Tuesday, October 14, 2008

Privacy of Your Mobile

I lost my mobile phone a while ago; fortunately it was several years old and a little battered, so I wasn't especially aggrieved by the loss [I was of course furious with myself and vowed to never wear the offending trousers, which don't have pockets nearly deep enough, again]. This may sound odd, but the thing that concerned me most was the data on the phone. The thought of some stranger going through my stuff was a little unsettling, and the possibility of that information being exploited concerned me. I needed to know how bad the damage was, so I wrote down a list of things on my phone that could be considered personal, sensitive, and private.

Now, I'm generally very careful when it comes to privacy and the like, so I was pleased and mostly unsurprised to find that there wasn't much on there to be worried about. There were photos, but all were inconsequential (yeah, I always delete the salacious ones!); I had notes and to do items, all inconsequential; I had some low priority passwords stored on it, but those were in an encrypted 'safe' application protected by a strong password. The phone book was mostly basic, I didn't have any details on most people besides their name and number, though for some people I had foolishly entered address and other details as well. Text messages were also a bit worrying because I couldn't remember what was there - plenty of frivolous personal stuff, but what about my SMS banking messages? Did the new possessor of my phone know my bank balance and account number? After mulling it over I felt fairly confident I hadn't used the service in a while.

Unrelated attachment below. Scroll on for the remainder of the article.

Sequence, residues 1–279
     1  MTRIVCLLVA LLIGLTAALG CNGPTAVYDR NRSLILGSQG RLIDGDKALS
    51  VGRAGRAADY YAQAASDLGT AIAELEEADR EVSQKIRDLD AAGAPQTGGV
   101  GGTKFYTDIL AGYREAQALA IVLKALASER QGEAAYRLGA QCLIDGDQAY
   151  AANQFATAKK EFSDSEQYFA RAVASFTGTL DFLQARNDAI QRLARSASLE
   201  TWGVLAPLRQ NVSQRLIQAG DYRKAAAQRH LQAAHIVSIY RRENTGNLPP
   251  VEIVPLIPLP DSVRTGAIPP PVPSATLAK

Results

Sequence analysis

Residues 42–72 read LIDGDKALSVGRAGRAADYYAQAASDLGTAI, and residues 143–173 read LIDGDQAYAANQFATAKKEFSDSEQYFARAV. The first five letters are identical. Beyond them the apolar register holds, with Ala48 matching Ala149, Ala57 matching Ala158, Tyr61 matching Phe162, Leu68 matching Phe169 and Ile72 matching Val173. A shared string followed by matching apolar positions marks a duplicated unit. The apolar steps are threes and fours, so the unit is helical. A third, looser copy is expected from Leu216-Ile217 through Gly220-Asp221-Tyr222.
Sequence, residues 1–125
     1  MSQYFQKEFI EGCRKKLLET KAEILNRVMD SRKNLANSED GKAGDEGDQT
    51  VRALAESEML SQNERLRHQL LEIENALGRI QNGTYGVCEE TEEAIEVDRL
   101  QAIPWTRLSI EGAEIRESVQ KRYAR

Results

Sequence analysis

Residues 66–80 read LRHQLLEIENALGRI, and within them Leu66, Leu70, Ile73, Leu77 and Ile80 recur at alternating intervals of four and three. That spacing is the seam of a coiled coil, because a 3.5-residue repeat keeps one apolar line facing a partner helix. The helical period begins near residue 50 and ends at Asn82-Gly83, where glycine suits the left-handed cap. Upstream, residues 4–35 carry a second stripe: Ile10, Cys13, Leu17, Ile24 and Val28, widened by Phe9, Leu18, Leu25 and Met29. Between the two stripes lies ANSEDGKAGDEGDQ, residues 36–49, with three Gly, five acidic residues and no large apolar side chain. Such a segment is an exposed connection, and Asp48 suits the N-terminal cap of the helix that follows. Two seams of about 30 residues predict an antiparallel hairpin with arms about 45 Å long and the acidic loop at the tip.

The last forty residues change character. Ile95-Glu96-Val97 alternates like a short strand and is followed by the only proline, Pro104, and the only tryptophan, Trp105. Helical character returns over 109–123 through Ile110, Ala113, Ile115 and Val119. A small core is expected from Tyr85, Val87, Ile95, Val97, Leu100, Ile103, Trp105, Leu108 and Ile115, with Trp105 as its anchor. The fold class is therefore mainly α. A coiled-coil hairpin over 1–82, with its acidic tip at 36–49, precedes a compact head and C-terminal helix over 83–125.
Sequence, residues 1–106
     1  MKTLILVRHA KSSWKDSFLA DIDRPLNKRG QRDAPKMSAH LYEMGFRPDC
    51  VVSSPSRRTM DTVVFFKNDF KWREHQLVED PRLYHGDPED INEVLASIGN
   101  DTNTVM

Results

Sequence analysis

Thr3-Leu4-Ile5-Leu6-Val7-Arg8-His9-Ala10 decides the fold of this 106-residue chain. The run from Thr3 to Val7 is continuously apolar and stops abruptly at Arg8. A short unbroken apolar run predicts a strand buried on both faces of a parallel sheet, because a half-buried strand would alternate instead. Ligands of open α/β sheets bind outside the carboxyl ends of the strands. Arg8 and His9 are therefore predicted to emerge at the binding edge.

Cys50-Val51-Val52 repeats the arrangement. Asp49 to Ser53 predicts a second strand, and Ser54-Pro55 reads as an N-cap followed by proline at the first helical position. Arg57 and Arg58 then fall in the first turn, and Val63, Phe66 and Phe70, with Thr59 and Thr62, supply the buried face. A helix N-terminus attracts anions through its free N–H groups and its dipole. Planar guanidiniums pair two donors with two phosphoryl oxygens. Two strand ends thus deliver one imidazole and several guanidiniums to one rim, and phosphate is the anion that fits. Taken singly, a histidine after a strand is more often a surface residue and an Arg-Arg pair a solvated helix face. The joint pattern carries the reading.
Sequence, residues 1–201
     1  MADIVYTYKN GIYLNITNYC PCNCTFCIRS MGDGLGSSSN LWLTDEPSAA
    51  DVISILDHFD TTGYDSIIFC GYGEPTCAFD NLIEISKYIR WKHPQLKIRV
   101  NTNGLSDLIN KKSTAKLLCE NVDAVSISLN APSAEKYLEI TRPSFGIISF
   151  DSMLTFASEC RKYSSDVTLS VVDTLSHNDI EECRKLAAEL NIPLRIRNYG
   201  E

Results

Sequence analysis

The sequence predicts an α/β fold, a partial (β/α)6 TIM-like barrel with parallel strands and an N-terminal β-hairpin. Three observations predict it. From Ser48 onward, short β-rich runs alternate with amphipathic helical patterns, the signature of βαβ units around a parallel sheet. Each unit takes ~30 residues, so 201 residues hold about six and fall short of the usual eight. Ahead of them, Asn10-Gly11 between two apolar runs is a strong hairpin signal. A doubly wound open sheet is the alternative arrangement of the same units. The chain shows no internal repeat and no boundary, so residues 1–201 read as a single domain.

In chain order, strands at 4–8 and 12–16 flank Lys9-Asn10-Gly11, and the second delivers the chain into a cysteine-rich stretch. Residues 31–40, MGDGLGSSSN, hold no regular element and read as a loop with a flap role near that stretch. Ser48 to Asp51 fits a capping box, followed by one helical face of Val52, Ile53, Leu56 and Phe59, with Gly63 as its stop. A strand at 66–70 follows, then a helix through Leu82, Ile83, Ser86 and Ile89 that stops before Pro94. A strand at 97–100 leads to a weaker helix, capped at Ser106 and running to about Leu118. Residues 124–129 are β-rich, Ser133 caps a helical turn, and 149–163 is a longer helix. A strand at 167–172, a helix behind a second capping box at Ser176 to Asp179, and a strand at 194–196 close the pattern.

The point of all this is, a mobile phone is an item easily lost that can potentially contain a load of information about you and people you know that you might not want in someone else's hands, if only because of the creepiness factor. Full names with birthdays, addresses, work details, and a few pieces of other personal info gleaned from text messages, and who knows what some unscrupulous person could do? Improbable perhaps, but still, not impossible. I'm relatively cautious, so I shudder to think about how much info the average person keeps on their phone that could be exploited!

Despite having been cautious, I'm still more than a little disappointed with myself for slipping up in a few areas. A phone is here today but might be gone tomorrow; it's the type of thing that can be lost in an instant in all manner of situations. So, from now on I've decided to adopt an absolute worst case scenario mentality and not store personal info on my phone unless absolutely necessary. Because, well, you can never be too safe... and besides, thinking about it, did I really need all that stuff on there in the first place*?

* Of course, it has to be stored somewhere, and this is something I've been pondering for a while now. Online storage makes information accessible anywhere with net connectivity (which is becoming increasingly ubiquitous), and you'd only have to worry about the reliability of the service provider and their privacy policy. Local copies on a personal computer are also relatively safe, though, imagine if someone stole your computer and looked through the contents of the hard drive?

1 comment:

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